“Remember Baghdad” is an important film in that it documents what happened in Iraq, and to the approximately 150,000 Jews who lived there, but live there no longer.  It also takes away some of the exotic thoughts Americans and Europeans might have in thinking about Baghdad and Iraq, and makes it a real place. filled with people that look like us and lived like we do.  And, again as in Europe, today’s Iraqis hardly remember the days when Jews constituted half of the city.  Just like if you go to Berlin, and no one remembers 400,000 Jews there, or almost that many in Warsaw, or Budapest.  “What?  There used to be Jews here?”, people often ask with surprise.  It’s not just that time has passed by, of course.  It’s that the history books have been rewritten to write out the Jewish history of theses cities.  Why is that?  It’s because it’s an inconvenient history, one that does not sit well with today’s nationalistic, populist strains that seem to have strained everyone.  No longer is there a multi-ethnic Ottoman Empire, or a multi-ethnic Austro-Hungarian empire, or a multi-ethnic eastern Europe.  The Jews of 100 years ago were not nationalists for the  most part, they were cosmopolitans.  And nothing could be worse, or more out of keeping with the times, in so many places, today.

Will the wheel keep turning?  And when will we see these days of diversity and tolerance return to those places where they seem so far away?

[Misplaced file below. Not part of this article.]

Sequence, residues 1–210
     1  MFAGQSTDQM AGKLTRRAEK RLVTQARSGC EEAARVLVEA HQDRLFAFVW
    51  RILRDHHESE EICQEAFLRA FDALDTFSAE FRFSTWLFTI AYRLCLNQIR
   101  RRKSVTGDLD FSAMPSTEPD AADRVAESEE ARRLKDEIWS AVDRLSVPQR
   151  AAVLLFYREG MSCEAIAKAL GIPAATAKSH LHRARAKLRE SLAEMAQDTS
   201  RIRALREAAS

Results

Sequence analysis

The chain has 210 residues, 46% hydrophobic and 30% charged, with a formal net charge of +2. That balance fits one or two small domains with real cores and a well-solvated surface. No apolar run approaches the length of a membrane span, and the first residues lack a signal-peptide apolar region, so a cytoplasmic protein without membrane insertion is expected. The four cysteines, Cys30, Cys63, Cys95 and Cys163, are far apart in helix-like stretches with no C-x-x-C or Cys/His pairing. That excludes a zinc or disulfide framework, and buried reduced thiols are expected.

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My Day: Brecht and Leviticus

Friday morning, one of the Adas Israel rabbis leads an informal class on the weekly Torah portion.  This week, it was Rabbi Holtzblatt, and the Torah portion was the end of the Book of Leviticus, and it dealt to a great extent with the commandment that the land of Eretz Israel should lie fallow every seven years and that anyone can eat of its remaining produce, and that every 50 years there should be a “jubilee year”, where land reverts to its original owner.  Now, there’s a lot of conversation that can be based on all of this (some of it relevant and interesting, some of it picayune and completely unimportant), but there are several overall questions that are raised.  One is how to define ownership.  Another is what responsibilities an owner has.  A third is how should an owner respond to a need first to keep his/her land idle, and second to give it up and turn it over to someone else.

I am not going to discuss any of these questions here.  Instead, I am going to discuss, once again, the question of coincidence.  Was it a coincidence that, on the very next day, we went to see Bertold Brecht’s “The Caucasian Chalk Circle” at Constellation Theatre?